How the plague initiated a phase of prosperity
A recent study by Matthijs Korevaar, Assistant Professor of Finance at Erasmus School of Economics, found that Amsterdam recovered surprisingly quickly from the bubonic plague in 1665. According to an article in Bloomberg, the study, which also examined the economic effects of cholera in Paris in the 19th century, complicates the vision of how cities have been affected historically by epidemics.
A prosperous outcome
The study finds, by looking at the 17th century housing market, prices did indeed decrease sharply as the economy floundered. As death rates fell, however, things stabilized with surprising speed, followed by a period of urban innovation that ultimately had positive effects. The study suggests that cities can actually prosper after a health crisis because the shock can initiate changes that create better living conditions.
In Amsterdam, the economy swiftly recovered its pre-epidemic population by attracting migrants. According to the researchers, the lessons may therefore best be applied to developing cities and countries with stark societal inequalities and limited government support, rather than the contemporary Netherlands. In Paris, the same observation was made: the magnetic draw of the city led to migrants that were willing to accept the health risks to achieve greater financial well-being.
During the worst months of the plague, construction work, along with much other economic activity, came to a halt. However, it soon resumed after. Amsterdam actively stimulated its revival, using a tool that at the time was innovative. City records suggest that, for the first time, Amsterdam allowed landlords to buy its land parcels not using state loans.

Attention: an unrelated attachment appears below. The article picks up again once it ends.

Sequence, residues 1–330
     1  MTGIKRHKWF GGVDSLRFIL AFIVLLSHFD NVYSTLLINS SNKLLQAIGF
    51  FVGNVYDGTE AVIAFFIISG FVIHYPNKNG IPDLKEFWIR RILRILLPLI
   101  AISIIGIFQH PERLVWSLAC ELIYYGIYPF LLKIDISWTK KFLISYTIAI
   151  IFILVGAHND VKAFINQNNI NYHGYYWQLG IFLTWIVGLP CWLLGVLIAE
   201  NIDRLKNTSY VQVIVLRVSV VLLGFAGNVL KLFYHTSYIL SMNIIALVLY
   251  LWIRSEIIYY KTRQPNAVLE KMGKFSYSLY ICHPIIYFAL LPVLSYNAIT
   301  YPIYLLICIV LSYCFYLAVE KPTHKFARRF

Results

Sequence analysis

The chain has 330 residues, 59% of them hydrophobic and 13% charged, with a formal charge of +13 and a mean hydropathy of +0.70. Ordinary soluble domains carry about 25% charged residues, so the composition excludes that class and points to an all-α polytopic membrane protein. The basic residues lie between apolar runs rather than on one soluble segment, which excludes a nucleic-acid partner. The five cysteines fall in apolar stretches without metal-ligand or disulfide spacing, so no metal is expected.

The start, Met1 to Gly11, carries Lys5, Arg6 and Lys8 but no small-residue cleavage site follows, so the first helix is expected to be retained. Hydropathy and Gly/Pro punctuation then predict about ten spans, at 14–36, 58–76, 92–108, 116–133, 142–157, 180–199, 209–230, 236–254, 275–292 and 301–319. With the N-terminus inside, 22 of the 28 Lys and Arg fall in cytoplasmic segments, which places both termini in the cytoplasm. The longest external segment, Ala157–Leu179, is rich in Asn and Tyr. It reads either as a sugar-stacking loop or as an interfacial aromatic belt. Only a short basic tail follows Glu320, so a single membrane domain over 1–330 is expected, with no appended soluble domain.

A familiar sight
Most likely, the plague came to Amsterdam by boat but Amsterdammers believed that the disease was spread through corrupted air, rising from rotting matter or from inherently unhealthy spots. Previous plague epidemics had also taught people that keeping distance from others could help and the attempts at isolation may indeed have saved lives. Researchers in Paris looked at death rates shortly after the cholera plague, observing that some parts of the city were especially harmed by the disease. This led to a major rework of the city, with wide and regular avenues to increase spacing between buildings and people. What is striking about Amsterdam’s measures is how familiar they are in the wake of Covid-19. The forms of containment we use today are the same ones we used in the 1600s.